Each of the following implies that (the true) $\omega_1$ is inaccessible in $L$, and hence that there are only countably many constructible reals:

• The proper forcing axiom
• There is a Ramsey cardinal
• $0^#$ exists
• All projective sets are Lebesgue measurable
• All $\Sigma^1_3$-sets are Lebesgue measurable

(EDIT: These are just some of the well-known examples that came to my mind. This list is neither exhaustive nor canonical.)

The mere existence of a nonconstructible set, or even a nonconstructible real, does not imply that $\omega_1^L$ is countable. There are many forcing notions in $L$ which do not collapse $\omega_1$: adding one or many Cohen reals, destroying Souslin trees, etc. Each such forcing (over L) results in a model where $\omega_1=\omega_1^L$.

In fact, "Martin's axiom plus continuum is arbitrarily large" is consistent with $\omega_1^L=\omega_1$. (And But also with $\omega_1^L<\omega_1$.)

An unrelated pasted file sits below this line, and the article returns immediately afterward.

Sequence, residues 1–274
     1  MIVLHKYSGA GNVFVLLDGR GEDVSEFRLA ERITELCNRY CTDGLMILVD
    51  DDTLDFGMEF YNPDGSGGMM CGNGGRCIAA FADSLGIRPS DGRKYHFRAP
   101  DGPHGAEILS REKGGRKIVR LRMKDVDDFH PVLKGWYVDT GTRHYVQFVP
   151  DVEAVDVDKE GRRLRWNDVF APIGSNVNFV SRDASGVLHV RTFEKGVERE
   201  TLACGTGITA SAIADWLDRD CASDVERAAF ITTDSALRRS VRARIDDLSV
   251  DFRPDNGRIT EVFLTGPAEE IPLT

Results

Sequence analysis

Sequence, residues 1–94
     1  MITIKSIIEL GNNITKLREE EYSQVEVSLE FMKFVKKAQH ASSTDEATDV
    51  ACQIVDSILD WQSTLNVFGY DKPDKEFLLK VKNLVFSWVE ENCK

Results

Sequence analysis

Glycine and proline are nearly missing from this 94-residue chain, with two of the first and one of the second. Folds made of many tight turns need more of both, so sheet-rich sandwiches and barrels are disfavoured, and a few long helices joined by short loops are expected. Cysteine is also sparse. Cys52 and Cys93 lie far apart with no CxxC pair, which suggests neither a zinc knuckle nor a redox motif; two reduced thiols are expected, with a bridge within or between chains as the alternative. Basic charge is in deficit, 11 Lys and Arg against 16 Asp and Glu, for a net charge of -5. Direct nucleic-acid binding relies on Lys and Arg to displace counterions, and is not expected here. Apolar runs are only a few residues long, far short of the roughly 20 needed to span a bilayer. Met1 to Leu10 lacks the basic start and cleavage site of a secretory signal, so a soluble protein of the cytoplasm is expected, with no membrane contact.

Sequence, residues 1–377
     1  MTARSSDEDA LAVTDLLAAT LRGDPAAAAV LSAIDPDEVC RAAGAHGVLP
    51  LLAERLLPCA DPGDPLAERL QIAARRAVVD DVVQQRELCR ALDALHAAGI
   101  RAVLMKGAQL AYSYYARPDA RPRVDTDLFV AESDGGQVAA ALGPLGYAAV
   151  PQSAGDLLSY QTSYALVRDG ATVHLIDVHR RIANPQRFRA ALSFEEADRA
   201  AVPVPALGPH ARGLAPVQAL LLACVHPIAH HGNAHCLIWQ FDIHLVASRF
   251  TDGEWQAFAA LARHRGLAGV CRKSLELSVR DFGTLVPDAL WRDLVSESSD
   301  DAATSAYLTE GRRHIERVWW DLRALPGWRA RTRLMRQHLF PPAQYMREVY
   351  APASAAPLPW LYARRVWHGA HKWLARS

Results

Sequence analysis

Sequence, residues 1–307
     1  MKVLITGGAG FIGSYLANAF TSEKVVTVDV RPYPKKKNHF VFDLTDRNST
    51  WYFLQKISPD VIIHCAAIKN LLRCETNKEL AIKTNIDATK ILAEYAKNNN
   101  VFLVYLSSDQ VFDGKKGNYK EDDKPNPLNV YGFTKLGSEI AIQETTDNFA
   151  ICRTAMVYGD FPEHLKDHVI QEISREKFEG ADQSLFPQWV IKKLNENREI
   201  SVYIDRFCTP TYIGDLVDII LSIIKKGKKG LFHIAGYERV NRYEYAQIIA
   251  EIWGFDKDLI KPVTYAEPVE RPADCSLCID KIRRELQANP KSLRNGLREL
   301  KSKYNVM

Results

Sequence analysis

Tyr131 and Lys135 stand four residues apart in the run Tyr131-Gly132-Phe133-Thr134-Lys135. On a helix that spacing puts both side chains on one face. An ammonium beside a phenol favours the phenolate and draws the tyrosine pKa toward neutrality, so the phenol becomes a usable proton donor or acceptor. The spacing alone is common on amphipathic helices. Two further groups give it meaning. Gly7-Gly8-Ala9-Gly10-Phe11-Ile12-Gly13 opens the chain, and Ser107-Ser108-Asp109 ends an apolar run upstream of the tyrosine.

ADDED: Preserving $\aleph_1$ of the ground model (which may or may not be the constructible universe $L$) is a key component in many independence proofs concerned with the theory of the reals. The "countable chain condition", which is enjoyed by all the forcings I mentioned above, is a property of forcing notions that guarantees preservation of $\aleph_1$; there are several other (weaker) properties which also suffice, most prominently (Baumgartner's) "Axiom A" and (Shelah's) "properness".

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Each of the following implies that (the true) $\omega_1$ is inaccessible in $L$, and hence that there are only countably many constructible reals:

• The proper forcing axiom
• There is a Ramsey cardinal
• $0^#$ exists
• All projective sets are Lebesgue measurable
• All $\Sigma^1_3$-sets are Lebesgue measurable

The mere existence of a nonconstructible set, or even a nonconstructible real, does not imply that $\omega_1^L$ is countable. There are many forcing notions in $L$ which do not collapse $\omega_1$: adding one or many Cohen reals, destroying Souslin trees, etc. Each such forcing (over L) results in a model where $\omega_1=\omega_1^L$.

In fact, "Martin's axiom plus continuum is arbitrarily large" is consistent with $\omega_1^L=\omega_1$. (And also with $\omega_1^L<\omega_1$.)